Source: Xinhua Published: 2016-9-12
The G20 Hangzhou summit has boosted sentiment that the traditional growth engines of investment and trade can be revived, however, for the commitments to truly materialize, countries must follow through with concrete actions.
During the two-day gathering, leaders of the G20 members, which account for 80 percent of the world`s trade volume, agreed to formulate the strategy for global trade growth and the guiding principles for global investment policy-making.
The two policies, if effectively implemented, will be of vital significance to world growth at a time when free trade and globalization are encountering myriad obstacles.
Global trade growth slowed from an average of over seven percent each year between 1990 and 2008 to less than three percent between 2009 and 2015. Last year was the fourth-consecutive year that global trade growth was below GDP growth, according to statistics from the World Trade Organization.
Along with the prolonged downturn, protectionism is on the rise. Since October 2008, 2,800 trade restricting measures have been rolled out by WTO members, 75 percent of which are still effective today.
To revitalize the growth engines, G20 members agreed to ratify the Trade Facilitation Agreement by the end of 2016, and pledged to use the newly-established Trade and Investment Working Group (TIWG) to identify new approaches that will help spur global trade growth, and enhance investment policy coordination.
While the two policies have set the course for progress, they will be useless without concrete actions by the G20 members -- the promises must be delivered.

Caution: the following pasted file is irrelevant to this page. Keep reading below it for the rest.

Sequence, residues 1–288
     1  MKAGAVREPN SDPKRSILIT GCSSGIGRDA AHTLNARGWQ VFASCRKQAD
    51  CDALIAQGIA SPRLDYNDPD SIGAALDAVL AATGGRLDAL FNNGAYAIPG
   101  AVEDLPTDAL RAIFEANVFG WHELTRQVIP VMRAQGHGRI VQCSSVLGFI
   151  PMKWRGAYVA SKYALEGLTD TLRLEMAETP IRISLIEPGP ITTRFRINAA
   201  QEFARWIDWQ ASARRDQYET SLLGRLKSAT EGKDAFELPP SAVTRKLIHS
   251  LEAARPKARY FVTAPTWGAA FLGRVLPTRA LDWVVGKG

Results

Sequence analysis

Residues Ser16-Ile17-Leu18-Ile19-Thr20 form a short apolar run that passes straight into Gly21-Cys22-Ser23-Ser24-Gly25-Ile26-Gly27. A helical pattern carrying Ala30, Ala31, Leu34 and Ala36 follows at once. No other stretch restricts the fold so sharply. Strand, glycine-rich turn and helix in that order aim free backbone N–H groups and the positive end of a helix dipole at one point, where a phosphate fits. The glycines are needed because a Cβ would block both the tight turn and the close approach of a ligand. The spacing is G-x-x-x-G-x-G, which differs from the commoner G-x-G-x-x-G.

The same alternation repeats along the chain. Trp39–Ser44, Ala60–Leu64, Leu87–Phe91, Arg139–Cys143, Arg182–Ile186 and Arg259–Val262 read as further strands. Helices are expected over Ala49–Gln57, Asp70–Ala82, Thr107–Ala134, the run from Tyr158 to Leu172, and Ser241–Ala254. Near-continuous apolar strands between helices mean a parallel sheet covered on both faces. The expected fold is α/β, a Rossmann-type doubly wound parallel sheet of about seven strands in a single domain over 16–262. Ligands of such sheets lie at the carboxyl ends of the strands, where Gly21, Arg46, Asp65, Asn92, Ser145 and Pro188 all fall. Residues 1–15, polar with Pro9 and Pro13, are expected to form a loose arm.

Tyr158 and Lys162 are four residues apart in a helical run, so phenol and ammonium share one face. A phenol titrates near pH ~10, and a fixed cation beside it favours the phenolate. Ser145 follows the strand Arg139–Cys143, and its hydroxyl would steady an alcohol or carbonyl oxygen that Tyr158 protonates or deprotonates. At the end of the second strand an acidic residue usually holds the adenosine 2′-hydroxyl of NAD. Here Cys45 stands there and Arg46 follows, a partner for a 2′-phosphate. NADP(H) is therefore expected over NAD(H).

"The direction and course has been set, everything now hinges on how determined countries are to push through the policies," noted Liu Zhiqin, an analyst with Chongyang Institute for Financial Studies, Renmin University of China.
Liu pointed out that protectionism will remain a major block as G20 guideline clauses are non-binding, and many countries may prioritize their own short-term interests over that of the wider international economy.
As the holder of the G20 rotating presidency, and the world`s second largest economy, China has stepped up in this regard.
On the world stage, China and the United States held their 28th round of bilateral investment treaty (BIT) talks in Beijing last month, where both sides exchanged new "negative list" offers, with the common goal of establishing a non-discriminatory, transparent and open investment environment through negotiations.
In another step, the government announced plans to set up seven new free trade zones. China`s first free trade zone was established in Shanghai in 2013 and another three across the country followed in 2014.
In addition, China`s top legislature has revised four laws to ease restrictions on overseas investment. When they come into force, on Oct. 1, they will assist in the implementation of the "negative list" mechanism, which will determine where, and where not, overseas investment can be channeled.
The efforts of one country alone is not enough, Liu pointed out. He called for concerted action and cooperation from all countries to successfully deliver the G20 blueprint.